Missiles, troops installed at Syrian border
As fears grow in the West that Syrian President Bashar Assad will use chemical weapons as an act of desperation, NATO moved forward on Thursday with its plan to place Patriot missiles and troops along Syria's border with Turkey to protect against potential attacks.
Assad's regime blasted the move as “psychological warfare,” saying the new deployment would not deter it from seeking victory over rebels it views as terrorists.
The missile deployment sends a clear message to Assad that consequences will follow if he uses chemical weapons or strikes NATO member Turkey, which backs the rebels seeking his ouster. But its limited scope also reflects the low appetite in Western capitals for direct military intervention in the civil war.
The United States and many European and Arab countries called for Assad to step down early in the uprising but have struggled to make that happen. Russia and China have protected Assad from censure by the U.N. Security Council, and the presence of extremists among the rebels makes the United States and others nervous about arming them.
In Dublin, Ireland, Secretary of State Hillary Rodham Clinton joined Russia's foreign minister and the U.N. peace envoy to the Arab country for three-way talks that suggested Washington and Moscow were working toward a common strategy as the Assad regime weakens.
The diplomatic efforts to end the civil war occur days after NATO agreed to post Patriot missiles and troops along Turkey's southern border with Syria after mortars and shells from Syria killed five Turks.
“Events on the ground in Syria are accelerating, and we see that in many different ways,” Clinton said, before the meeting. “The pressure against the regime in and around Damascus seems to be increasing. We've made it clear what our position is with respect to chemical weapons,” which President Obama called a “red line” that would trigger U.S. intervention.
Germany's cabinet approved the move on Thursday, and German Defense Minister Thomas de Maiziere told reporters that the overall mission is expected to include two batteries each from the Netherlands and the United States, plus 400 soldiers and monitoring aircraft.
“Nobody knows what such a regime is capable of and that is why we are acting protectively here,” said German Foreign Minister Guido Westerwelle.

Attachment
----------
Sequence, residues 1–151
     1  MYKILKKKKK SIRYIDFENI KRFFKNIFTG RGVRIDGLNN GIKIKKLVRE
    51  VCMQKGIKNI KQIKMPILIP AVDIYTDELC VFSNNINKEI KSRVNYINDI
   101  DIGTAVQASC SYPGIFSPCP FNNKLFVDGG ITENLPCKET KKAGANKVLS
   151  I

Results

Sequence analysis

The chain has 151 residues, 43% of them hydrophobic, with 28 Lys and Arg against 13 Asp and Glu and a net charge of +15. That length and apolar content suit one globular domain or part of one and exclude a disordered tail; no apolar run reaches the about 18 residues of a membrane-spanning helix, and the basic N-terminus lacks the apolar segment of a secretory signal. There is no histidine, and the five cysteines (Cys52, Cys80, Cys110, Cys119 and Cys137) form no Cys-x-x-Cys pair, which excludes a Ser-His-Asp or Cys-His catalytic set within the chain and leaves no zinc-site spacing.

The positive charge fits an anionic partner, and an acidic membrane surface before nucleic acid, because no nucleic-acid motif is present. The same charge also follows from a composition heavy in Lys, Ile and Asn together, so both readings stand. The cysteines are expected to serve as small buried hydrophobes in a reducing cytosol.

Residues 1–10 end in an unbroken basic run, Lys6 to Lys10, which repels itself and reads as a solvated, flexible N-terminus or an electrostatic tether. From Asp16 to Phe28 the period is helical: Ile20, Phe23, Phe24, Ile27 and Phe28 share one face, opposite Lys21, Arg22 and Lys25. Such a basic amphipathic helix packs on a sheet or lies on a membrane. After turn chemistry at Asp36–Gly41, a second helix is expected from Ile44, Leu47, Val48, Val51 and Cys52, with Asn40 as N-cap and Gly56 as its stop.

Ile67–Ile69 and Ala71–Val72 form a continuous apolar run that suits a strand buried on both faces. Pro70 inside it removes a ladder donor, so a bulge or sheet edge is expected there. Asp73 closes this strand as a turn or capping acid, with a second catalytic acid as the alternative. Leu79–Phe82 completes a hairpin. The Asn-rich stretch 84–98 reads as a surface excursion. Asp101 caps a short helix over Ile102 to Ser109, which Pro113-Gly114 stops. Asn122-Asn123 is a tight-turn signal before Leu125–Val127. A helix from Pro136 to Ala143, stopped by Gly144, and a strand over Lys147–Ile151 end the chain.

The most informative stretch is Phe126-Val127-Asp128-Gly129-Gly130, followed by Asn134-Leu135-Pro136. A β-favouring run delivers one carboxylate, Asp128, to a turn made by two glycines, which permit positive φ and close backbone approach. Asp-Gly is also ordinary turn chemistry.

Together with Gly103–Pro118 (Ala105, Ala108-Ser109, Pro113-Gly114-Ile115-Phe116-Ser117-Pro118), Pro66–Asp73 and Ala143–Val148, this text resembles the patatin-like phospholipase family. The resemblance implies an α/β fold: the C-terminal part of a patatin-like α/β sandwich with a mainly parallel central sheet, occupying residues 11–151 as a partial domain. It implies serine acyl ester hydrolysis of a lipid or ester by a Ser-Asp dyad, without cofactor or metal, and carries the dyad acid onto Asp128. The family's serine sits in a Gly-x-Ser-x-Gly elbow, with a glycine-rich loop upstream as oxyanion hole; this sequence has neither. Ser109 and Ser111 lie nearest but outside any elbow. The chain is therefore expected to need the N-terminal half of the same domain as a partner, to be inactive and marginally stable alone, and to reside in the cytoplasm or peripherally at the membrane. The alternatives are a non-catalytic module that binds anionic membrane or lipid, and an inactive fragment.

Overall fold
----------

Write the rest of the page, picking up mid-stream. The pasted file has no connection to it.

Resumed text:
The Assad regime said the NATO deployment would not make Assad change course, calling the talk of chemical weapons part of a conspiracy to justify future intervention.
“The Turkish step and NATO's support for it are provocative moves that constitute psychological warfare,” Syria's Deputy Foreign Minister Faisal Mekdad said in an interview with Lebanon's Al-Manar TV.
Show commenting policy
TribLive commenting policy
You are solely responsible for your comments and by using TribLive.com you agree to our Terms of Service.
We moderate comments. Our goal is to provide substantive commentary for a general readership. By screening submissions, we provide a space where readers can share intelligent and informed commentary that enhances the quality of our news and information.
While most comments will be posted if they are on-topic and not abusive, moderating decisions are subjective. We will make them as carefully and consistently as we can. Because of the volume of reader comments, we cannot review individual moderation decisions with readers.
We value thoughtful comments representing a range of views that make their point quickly and politely. We make an effort to protect discussions from repeated comments either by the same reader or different readers.
We follow the same standards for taste as the daily newspaper. A few things we won't tolerate: personal attacks, obscenity, vulgarity, profanity (including expletives and letters followed by dashes), commercial promotion, impersonations, incoherence, proselytizing and SHOUTING. Don't include URLs to Web sites.
We do not edit comments. They are either approved or deleted. We reserve the right to edit a comment that is quoted or excerpted in an article. In this case, we may fix spelling and punctuation.
We welcome strong opinions and criticism of our work, but we don't want comments to become bogged down with discussions of our policies and we will moderate accordingly.
We appreciate it when readers and people quoted in articles or blog posts point out errors of fact or emphasis and will investigate all assertions. But these suggestions should be sent via e-mail. To avoid distracting other readers, we won't publish comments that suggest a correction. Instead, corrections will be made in a blog post or in an article.
- After U.S. indictments, Chinese military scalesc back hacks on American industry
- Pope Francis visits mosque in war-torn Central African Republic, calls for end to conflict
- World leaders show willingness to act at climate change summit
- Burned-out van belonged to missing Australians, Mexican prosecutors say
- Israeli court convicts two Jewish teenagers in 2014 killing of Palestinian youth
- Boko Haram destroys Nigerian military base; 107 troops MIA
- Northern Ireland’s restrictive abortion law ‘breaches human rights,’ court rules
- Obama: Climate pact an ‘act of defiance’ after Paris attacks
- Palestinian artist who appealed blasphemy sentence of 800 lashes, prison sentenced to execution
- Senators call for 20,000 more troops in Syria and Iraq
- French lawmakers vote to continue airstrikes against Islamic State